LHC_in$p_reg  <- apply(sim_data,1,function(pred){
  t(biom - pred) %*% 
    solve(var(sim_data)/4) %*% 
    (biom - pred)

mpreds <- reshape2::melt(LHC_in)

ggplot(mpreds) + 
  facet_grid( p_reg ~ variable,scales = "free") + 
  geom_bar(aes(x=value)) + 
  theme_bw() + 

I now use the remaining points that were not discarded (there aren't many!) to define a set of point to build the emulator on. This avoids training the emulator on a set of parameters and outputs that give widely different answers and dominate the model fit, but lead to poor predictions in the area of interest (i.e., parameters that make sense). The new set is made by drawing from a multivariate normal distribution around the remaining points to explore the space around those points.

leftovers <- LHC_in[!LHC_in$p_reg,1:3]
oc = round(500/nrow(leftovers))
isd <- cov(leftovers)

# draw from mv norm around leftover values
new_pred_pre_list_jitter <- t(apply(repmat(leftovers,oc,1),1,function(x) t(mvtnorm::rmvnorm(1,x,0.05*isd))))

#remove values <0
new_pred_pre_list_jitter <- new_pred_pre_list_jitter[(apply(new_pred_pre_list_jitter,1,function(x) !any(x<=0))),]

colnames(new_pred_pre_list_jitter) <- c('h','r_pp','sigma')

mp <- reshape2::melt(new_pred_pre_list_jitter)
ggplot(mp,aes(x=value)) + 
  geom_histogram(aes(x=value)) + 
  facet_wrap(~Var2,scales='free') + 

Running the simulator to make a training set for the emulator:

new_pred_list <- split(data.frame(new_pred_pre_list_jitter),

system.time( new_simdat <- parallel::mclapply(new_pred_list,
                                              mc.cores = 4))
##     user   system  elapsed 
## 8155.927   61.125 3178.952

I throw out some combinations of parameters that lead to collapse. In a full history matching exerciser I wouldn't want to do this since they hold information about areas of poor fit to the data - but here I use it to show that the emulator can indeed give OK (and fast!) predictions of the size spectrum in the parameter space of interest.

new_sim_data <-'rbind',new_simdat)

##               1            2            3            4            5
## 0%   0.02623961 3.014166e-18 1.690778e-06 3.577906e-16 1.337676e-11
## 25%  0.04066894 2.982046e-02 2.018920e-02 1.259627e-02 7.494951e-03
## 50%  0.04473751 3.178591e-02 2.264478e-02 1.573578e-02 1.020695e-02
## 75%  0.05080083 3.516367e-02 2.509736e-02 1.768273e-02 1.266223e-02
## 100% 0.06548712 4.533041e-02 3.276044e-02 2.454326e-02 1.885972e-02
##                 6            7            8            9           10
## 0%   2.021669e-08 1.115931e-08 1.221133e-08 6.819790e-09 3.433630e-09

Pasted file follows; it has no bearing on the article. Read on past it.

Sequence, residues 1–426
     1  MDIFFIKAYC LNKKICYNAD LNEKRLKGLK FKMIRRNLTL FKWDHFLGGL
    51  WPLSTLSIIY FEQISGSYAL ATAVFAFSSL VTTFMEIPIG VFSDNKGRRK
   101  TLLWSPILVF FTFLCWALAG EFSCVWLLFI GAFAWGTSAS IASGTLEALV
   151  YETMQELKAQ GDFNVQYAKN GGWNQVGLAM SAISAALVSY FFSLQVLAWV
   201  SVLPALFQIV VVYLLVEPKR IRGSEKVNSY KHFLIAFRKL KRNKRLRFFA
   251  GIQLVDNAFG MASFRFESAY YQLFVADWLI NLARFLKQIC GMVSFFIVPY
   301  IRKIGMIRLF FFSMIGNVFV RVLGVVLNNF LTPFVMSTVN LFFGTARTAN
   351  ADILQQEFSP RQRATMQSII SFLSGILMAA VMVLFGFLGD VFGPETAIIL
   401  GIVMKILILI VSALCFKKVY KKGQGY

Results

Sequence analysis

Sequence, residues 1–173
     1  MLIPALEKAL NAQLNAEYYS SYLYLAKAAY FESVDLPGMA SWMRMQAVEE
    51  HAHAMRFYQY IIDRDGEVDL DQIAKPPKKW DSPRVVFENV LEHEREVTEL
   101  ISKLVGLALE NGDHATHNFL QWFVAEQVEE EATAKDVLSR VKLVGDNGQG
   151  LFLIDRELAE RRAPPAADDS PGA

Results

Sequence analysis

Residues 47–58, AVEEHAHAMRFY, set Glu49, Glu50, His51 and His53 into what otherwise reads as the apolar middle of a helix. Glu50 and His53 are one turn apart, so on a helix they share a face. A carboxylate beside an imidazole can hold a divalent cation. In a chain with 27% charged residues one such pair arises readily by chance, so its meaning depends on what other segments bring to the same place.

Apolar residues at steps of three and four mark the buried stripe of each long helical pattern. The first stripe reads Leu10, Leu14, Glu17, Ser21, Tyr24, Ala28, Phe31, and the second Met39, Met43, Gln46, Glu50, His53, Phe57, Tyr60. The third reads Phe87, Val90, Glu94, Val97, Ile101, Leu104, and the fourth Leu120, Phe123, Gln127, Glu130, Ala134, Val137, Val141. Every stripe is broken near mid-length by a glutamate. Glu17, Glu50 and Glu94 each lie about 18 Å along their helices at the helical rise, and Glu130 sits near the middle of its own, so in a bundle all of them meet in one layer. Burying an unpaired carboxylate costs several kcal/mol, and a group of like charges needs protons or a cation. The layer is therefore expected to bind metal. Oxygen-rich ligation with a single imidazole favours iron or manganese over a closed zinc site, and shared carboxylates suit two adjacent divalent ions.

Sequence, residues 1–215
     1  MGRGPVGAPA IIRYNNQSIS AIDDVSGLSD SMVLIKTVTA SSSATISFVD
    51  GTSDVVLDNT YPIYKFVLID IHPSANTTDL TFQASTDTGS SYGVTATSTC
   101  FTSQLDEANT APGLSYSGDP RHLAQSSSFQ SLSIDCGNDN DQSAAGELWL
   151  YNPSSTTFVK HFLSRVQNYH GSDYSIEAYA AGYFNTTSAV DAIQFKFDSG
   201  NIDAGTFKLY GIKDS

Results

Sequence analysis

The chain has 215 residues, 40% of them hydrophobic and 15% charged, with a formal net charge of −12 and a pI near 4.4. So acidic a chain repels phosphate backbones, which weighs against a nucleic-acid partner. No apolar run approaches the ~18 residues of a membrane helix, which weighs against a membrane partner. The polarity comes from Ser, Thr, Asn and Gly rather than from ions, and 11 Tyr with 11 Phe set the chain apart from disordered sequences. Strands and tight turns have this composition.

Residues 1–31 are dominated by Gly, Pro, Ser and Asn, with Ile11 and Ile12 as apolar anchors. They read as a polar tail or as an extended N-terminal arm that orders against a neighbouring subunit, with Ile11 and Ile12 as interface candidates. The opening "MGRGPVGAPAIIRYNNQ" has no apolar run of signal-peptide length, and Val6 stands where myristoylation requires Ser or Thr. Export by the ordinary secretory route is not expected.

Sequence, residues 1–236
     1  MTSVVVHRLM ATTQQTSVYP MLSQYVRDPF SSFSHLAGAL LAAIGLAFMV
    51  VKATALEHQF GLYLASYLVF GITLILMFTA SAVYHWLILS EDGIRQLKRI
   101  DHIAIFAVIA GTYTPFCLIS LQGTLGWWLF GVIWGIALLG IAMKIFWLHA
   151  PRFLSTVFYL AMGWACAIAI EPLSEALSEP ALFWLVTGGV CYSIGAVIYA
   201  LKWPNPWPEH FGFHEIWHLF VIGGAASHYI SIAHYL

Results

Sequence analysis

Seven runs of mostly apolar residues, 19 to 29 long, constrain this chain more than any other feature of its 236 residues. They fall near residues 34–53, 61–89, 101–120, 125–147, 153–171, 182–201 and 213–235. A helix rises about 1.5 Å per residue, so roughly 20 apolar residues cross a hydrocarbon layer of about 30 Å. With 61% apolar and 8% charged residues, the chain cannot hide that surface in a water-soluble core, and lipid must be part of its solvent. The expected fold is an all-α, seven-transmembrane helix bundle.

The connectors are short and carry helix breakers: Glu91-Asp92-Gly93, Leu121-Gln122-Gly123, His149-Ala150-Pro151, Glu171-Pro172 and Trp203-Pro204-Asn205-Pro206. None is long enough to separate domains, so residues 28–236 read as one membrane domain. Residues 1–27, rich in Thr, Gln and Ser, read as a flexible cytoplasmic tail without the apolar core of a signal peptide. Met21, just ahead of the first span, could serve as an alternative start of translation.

## 25%  4.308016e-03 2.615995e-03 1.478547e-03 8.508476e-04 4.471478e-04
## 50%  6.254554e-03 3.755085e-03 2.087824e-03 1.166121e-03 5.963557e-04
## 75%  8.439304e-03 5.433474e-03 3.117022e-03 1.752072e-03 9.151875e-04
## 100% 1.436430e-02 1.037388e-02 6.870761e-03 4.196598e-03 2.361536e-03
pred_pre_list_df <- data.frame(new_pred_pre_list_jitter)
pred_pre_list_df$p_reg <- apply(new_sim_data,1,function(x) any(x<(min(biom)/10^4)))

mpreds <- reshape2::melt(pred_pre_list_df)

ggplot(mpreds) + 
  facet_grid( p_reg ~ variable,scales = "free") + 
  geom_bar(aes(x=value)) + 
  theme_bw() + 
keepers <-  !$p_reg) & !(pred_pre_list_df$p_reg)

sim_data <- new_sim_data[keepers,]

sim_data <- unique(sim_data)

train <-, size = 0.9*nrow(sim_data))
test <- which(!(1:nrow(sim_data)) %in% train)

sim_data_train <- sim_data[train,]
sim_data_test <- sim_data[test,]

pred_pre_list <- unique(new_pred_pre_list_jitter[keepers,])

Time to think about how to emulate this model. In general, species are linked in the model, so uni-variate emulation seems like the wrong approach. An alternative is multivariate emulation. In particular, the method described in Rougier (2008) may be appropriate here since we are working with a standard matrix of outputs. The method assumes that the predictions can be decomposed into a regression in the inputs and a regression in the outputs (i.e., the size classes).

First, source Johnathan Rougiers code:


For the method to work, we need to specify regressors on the inputs and outputs, along with a covariance, computed from the inputs and at points where the simulator is evaluated (i.e., where we calculate the biomass - at w_inf for each species). I use the same for inputs and outputs here as I have little prior idea. For the mean part of the GP regression, a second order polynomial seems like a relatively flexible start. Tor the covariance, I will start with an exponential covariance for simplicity. Later, I will try to learn the scale parameters of both matrices in order to optimise the emulator. The functions for means, variances and other helper functions are defined here

I can now define a GP emulator:

  # stdise is a normal centering and fixing to [-1,1], whereas stdise_wrt(x,y) is with respect to the mean and max of y 

ins <- stdise(as.matrix(pred_pre_list[train,]))
ins_test <- stdise_wrt(m(pred_pre_list[test,]),m(pred_pre_list[train,]))

outs <- stdise(log(sim_data_train))
tests <- stdise_wrt(log(sim_data_test),log(sim_data_train))